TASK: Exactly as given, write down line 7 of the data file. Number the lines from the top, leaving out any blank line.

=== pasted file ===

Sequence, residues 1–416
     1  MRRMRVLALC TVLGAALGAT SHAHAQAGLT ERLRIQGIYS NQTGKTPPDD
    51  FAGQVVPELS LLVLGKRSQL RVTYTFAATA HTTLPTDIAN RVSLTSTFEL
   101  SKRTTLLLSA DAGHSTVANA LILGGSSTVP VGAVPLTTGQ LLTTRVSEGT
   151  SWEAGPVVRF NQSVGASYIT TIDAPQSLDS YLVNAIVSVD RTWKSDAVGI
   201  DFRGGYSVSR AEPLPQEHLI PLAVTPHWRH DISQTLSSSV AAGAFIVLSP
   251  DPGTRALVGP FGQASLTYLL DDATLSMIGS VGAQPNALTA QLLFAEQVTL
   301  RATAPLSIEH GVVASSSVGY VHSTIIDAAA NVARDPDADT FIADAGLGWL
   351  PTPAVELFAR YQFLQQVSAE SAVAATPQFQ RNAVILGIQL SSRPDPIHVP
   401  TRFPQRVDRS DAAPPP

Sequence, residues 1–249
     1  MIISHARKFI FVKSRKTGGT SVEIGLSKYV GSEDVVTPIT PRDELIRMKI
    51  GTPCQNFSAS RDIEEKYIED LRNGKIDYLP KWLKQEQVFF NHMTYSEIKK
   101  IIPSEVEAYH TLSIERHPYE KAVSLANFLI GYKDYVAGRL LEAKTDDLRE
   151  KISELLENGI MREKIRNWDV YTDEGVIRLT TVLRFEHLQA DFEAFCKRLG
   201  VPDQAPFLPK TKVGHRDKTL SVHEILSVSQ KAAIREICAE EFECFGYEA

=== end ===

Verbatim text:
   251  DPGTRALVGP FGQASLTYLL DDATLSMIGS VGAQPNALTA QLLFAEQVTL